La Ranchera

In the San Luis Valley,
the AM plays a ranchera
where a woman laments losing her lover.
Her ex listens to her pained song
and swallows his jealousy of beer.
My Spanish is not good, but I follow
the strum and horns
that count out her tragedy.

I turn off the radio before it ends
for my hike through the Great Sand Dunes.
When my shoes fill to discomfort,
I empty out the sand. The mountains surround
on all sides of my view. I want to disappear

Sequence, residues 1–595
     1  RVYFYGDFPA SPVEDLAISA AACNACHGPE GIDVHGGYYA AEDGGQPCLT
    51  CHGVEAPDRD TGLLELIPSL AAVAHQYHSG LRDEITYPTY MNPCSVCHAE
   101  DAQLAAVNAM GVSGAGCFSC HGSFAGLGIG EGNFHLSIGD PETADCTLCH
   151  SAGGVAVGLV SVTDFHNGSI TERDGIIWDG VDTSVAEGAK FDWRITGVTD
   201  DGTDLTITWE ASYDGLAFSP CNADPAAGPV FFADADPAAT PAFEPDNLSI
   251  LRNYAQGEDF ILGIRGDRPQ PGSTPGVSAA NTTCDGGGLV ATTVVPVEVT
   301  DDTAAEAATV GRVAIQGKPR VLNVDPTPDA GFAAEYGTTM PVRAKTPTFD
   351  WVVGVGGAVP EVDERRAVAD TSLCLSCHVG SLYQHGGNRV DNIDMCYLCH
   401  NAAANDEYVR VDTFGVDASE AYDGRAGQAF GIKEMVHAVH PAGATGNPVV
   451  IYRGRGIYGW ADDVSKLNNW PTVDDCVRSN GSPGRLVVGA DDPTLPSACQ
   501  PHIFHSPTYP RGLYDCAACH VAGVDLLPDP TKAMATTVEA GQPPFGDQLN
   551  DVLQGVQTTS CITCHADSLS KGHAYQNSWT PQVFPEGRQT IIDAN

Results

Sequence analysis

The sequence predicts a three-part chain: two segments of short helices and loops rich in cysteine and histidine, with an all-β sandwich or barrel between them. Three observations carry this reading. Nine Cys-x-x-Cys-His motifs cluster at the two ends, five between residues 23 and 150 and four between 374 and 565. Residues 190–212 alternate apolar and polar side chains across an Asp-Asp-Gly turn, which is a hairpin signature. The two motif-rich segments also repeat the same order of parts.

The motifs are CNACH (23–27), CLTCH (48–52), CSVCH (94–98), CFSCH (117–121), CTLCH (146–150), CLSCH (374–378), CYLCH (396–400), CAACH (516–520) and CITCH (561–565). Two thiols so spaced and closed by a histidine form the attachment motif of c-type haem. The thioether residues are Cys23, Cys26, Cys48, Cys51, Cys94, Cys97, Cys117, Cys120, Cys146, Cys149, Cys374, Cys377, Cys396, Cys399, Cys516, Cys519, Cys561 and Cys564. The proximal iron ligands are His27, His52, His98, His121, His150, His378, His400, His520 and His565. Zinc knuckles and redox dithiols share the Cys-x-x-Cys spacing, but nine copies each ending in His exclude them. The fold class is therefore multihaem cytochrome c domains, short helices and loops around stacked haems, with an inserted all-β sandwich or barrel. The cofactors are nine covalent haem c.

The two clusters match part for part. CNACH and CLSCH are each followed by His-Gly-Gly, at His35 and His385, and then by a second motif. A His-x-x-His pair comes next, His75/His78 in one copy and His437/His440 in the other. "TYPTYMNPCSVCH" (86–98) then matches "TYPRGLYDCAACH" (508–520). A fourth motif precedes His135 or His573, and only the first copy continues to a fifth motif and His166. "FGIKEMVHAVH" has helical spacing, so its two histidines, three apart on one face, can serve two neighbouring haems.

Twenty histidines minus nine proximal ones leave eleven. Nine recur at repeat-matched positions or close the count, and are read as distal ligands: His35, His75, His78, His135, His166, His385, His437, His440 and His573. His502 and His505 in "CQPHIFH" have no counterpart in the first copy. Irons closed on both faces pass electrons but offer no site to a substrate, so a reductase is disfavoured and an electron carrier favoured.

behind the dunes and mountains,
the desire I had when I was a child
that watched sunsets dragged beyond
Cheyenne Mountain’s blinking radio and TV towers.

Back then, I thought faraway places
stayed blocked by a treacherous climb.
I felt the world bigger than where it ended
with nothing on the other side.

I listen to the AM again, driving home
and thinking of la ranchera.
In my head, she’s longing for someone
to find her as brilliant as the stars again,
in a future without a broken home.
I am captured in the same melody
with no where to direct it.